Coronavirus job retention scheme: what employers should do

Pinsent Masons

The UK government last week announced the creation of a package designed to help employers retain staff during the coronavirus pandemic, even if they are forced to temporarily shut their businesses.

Chancellor of the exchequer Rishi Sunak said the ‘Coronavirus Job Retention Scheme’ would help pay wages and preserve jobs. Employers will be able to contact HMRC for a grant to cover most of the wages of their workforce who remain on payroll but are temporarily not working during the coronavirus outbreak. Any employer in the country is eligible for the scheme.

UK workers for any employer within the scheme will keep their job and the government will pay up to 80% of their wages, up to a total of £2,500 per month, backdated to 1 March. The scheme will initially operate for three months with a possible extension, and is a government grant rather than a loan.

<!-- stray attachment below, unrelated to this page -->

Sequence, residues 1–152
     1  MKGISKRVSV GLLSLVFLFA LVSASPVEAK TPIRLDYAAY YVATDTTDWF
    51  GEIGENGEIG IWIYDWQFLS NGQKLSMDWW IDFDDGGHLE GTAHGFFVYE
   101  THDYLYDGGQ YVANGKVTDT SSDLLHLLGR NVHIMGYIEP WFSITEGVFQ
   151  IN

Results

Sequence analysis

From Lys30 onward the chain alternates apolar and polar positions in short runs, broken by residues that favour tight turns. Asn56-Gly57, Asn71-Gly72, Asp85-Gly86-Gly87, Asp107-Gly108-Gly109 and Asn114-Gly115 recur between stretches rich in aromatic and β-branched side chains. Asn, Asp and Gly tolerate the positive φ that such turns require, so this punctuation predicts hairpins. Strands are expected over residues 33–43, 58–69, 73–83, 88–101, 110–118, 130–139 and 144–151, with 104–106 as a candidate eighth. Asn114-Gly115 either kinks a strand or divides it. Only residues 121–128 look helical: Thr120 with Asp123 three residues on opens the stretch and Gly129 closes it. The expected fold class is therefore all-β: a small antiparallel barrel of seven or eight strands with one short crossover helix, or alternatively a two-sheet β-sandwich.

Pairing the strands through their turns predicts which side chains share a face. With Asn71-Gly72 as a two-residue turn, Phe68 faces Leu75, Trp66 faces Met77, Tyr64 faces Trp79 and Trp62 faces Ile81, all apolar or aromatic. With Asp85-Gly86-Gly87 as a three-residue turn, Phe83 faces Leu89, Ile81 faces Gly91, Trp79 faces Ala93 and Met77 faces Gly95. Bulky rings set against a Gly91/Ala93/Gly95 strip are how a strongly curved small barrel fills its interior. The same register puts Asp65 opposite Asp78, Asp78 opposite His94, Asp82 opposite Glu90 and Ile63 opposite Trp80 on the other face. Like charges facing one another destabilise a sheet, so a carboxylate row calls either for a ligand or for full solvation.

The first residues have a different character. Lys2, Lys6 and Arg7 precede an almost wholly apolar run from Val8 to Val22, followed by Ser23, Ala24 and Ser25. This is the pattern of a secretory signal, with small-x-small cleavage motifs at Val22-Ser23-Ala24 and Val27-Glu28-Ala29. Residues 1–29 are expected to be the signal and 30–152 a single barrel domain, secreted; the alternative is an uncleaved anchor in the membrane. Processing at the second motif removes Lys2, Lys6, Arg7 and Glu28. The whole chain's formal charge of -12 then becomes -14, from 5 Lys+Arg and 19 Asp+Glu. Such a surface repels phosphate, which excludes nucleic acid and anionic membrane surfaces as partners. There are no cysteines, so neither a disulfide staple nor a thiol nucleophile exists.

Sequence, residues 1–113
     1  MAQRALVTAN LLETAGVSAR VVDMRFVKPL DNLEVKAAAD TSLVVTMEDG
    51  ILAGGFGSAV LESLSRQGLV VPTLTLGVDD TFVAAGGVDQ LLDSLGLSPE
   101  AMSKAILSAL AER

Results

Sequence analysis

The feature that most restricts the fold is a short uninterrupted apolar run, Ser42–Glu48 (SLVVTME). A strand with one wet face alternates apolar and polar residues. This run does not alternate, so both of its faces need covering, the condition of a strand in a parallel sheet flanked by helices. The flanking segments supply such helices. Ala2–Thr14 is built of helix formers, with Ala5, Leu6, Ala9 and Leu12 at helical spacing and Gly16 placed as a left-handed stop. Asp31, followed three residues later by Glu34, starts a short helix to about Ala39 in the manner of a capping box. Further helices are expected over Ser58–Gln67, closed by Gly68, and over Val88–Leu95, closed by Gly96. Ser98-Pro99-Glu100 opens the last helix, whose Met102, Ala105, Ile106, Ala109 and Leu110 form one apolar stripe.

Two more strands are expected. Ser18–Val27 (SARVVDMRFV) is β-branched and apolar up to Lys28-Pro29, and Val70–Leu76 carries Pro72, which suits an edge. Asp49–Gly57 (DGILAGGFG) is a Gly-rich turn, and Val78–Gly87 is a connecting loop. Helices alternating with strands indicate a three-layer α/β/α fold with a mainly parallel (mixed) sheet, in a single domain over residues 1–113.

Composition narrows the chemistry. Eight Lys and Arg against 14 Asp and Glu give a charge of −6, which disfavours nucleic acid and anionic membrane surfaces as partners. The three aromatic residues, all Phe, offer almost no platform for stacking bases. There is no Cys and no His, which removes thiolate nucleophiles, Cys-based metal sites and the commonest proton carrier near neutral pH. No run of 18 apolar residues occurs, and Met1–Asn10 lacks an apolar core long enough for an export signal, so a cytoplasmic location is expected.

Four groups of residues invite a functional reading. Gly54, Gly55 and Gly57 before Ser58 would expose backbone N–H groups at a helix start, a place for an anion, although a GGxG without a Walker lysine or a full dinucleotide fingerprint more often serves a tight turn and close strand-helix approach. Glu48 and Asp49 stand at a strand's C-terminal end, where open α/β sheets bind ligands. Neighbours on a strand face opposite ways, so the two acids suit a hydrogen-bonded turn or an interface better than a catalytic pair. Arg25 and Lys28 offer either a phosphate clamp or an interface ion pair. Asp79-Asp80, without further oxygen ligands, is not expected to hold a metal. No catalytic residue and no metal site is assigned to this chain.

Many questions remain outstanding over what is covered by the scheme. It is unclear what will count as wage costs, and whether the cost of benefits in kind, pension contributions, commissions, bonuses, overtime payments and other premiums are covered.

It is also not yet clear whether the apprenticeship levy or employers’ national insurance contributions are covered, and how pay will be calculated for employees on zero-hours contracts or variable hours.

Who is eligible?

The scheme will apply to people who have been designated by their employers as "furloughed employees", and who have been notified of this by their employer. "Furloughed" means still employed but not doing any work at all, with the government’s employee guide stating: "To qualify for this scheme, you should not undertake work for them while you are furloughed".

It therefore appears that people who have had their hours reduced but who are still working will not be eligible.

The scheme does not apply to self-employed people or contractors, but the position of agency workers is unclear. It is also unclear if it will apply to ‘workers’ as well as employees, and the position of people who were made redundant since 1 March is also uncertain.

Questions are also outstanding about the status of people who are sick or self-isolating, and whether employers can designate them as furloughed enable them to receive more than statutory sick pay, or to cover the cost of company sick pay.